The Confederation of British Industry (CBI) is an organisation that speaks on behalf of 190,000 businesses of all sizes and sectors. Our corporate members together employ nearly 7 million people, about one third of private sector-employees. With offices in the UK as well as representation in Brussels, Washington, Beijing and Delhi, the CBI communicates the British business voice around the world.
CBI’s Race at Work Action Plan
2020 has been a year for the history books and one that has put a spotlight in the inequalities faced by many. The killing of George Floyd followed by the Black Lives Movement (BLM) led to many organisations including ours to asking some honest questions. “Are we doing all we can to truly create an inclusive environment for all?”, “How can are we supporting our black colleagues?” and “What meaningful actions do we now need to make?”. It was those honest questions that birthed the creation of our Race at Work Action Plan which was launched in July.
The plan outlined an internal and external approach to tackling racial inequality and was centred around 4 themes:
These were aligned with our internal business behaviours of “Take Ownership” and “Collaboration”. The behaviours were key to this plan being owned by all because it needed us to own the role we all play in using our privilege to help others whilst challenging us all to look at what it means to be a true Ally. Understanding that allyship is an everyday activity that requires us to be uncomfortable at times, but is needed in learning and unlearning things to enact real change.
As aforementioned, our 4 themes looked at Culture which is the overarching strand. It looks at how or whether we can talk openly about race and inclusion and share our stories for real changes to have its desired effect. Representation had both an internal and external lens. Internally, we looked at our structure, recruitment, progression, and policies. Externally, we looked at how we could diversify our events, councils, and committees to ensure it reflects the society we operate. This season also birthed our Change the Race Ratio Campaign created by our President Lord Karan Bilimoria and its focused on the role of business and asks signatories to commit to 4 things:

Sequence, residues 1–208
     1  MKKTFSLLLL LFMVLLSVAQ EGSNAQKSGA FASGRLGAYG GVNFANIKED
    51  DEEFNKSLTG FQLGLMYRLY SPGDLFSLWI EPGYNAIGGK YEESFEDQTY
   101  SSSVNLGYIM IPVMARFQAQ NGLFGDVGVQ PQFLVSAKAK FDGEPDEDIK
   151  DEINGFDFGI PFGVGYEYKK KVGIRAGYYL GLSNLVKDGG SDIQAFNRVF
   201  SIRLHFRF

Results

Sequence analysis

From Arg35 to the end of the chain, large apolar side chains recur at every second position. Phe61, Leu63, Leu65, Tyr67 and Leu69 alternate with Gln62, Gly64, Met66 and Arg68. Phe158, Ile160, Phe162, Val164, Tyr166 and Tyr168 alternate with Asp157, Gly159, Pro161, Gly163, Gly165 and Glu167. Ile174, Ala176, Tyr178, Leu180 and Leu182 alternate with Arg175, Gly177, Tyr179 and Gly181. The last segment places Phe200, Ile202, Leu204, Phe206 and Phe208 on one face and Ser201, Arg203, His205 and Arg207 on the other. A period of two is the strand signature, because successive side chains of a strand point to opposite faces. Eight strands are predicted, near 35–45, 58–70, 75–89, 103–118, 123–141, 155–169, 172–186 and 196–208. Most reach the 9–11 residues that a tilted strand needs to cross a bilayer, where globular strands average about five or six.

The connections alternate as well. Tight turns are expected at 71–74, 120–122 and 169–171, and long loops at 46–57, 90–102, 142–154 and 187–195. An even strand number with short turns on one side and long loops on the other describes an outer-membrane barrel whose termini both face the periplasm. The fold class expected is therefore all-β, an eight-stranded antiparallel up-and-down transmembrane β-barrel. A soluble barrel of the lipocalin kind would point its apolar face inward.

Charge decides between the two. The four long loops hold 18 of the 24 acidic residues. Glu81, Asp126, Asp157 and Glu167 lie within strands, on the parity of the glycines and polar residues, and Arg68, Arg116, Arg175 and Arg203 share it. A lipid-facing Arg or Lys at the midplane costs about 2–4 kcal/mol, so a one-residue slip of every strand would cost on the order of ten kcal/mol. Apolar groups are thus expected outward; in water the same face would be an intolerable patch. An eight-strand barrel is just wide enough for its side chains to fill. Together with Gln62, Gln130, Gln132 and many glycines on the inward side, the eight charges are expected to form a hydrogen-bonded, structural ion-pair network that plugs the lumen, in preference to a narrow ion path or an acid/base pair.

- Increase racial and ethnic diversity among Board members (aligned with the Parker review)
- Increase racial and ethnic diversity in senior leadership (ExCo, ExCo -1)
- Be transparent on targets and actions (by publishing ethnicity pay gap)
- Create an inclusive culture in which talent from all diversities can thrive.
The last two themes looked at Voice which is the role we play in our internal and external communication. From ensuring greater diverse voices speak on different subject areas externally, to ensuring that we amplify our voice on matters that affect people from underrepresented backgrounds (i.e. calling for mandatory ethnicity pay gap), to raising awareness of key diversity awareness days and communicating that internally across the business. It also meant working closely with our Race and Ethnicity Equality network, so that the voices of their members are heard.
Finally, it covered Engagement which is how we use data to drive change, how we support the mental health and wellbeing of our colleagues from BAME backgrounds but also how we share information and guidance internally and amongst our members. It’s also included how we look at training on allyship, privilege, language, and terminologies to support the learning that is taking place.
At the CBI, we knew that we had a role to play not just as an organisation but as a membership body in doing what we could to tackle racial inequality in the world of work. We know there is so much more to do and as we look to 2021, we hope to do much more.
Please do reach out to:
Ife Onwuzulike, Head of Diversity and Inclusion – for more information on The CBI Race at Work
Richard DeNetto, Associate Director – for more information on our Change the Race Ratio Campaign
Find out more: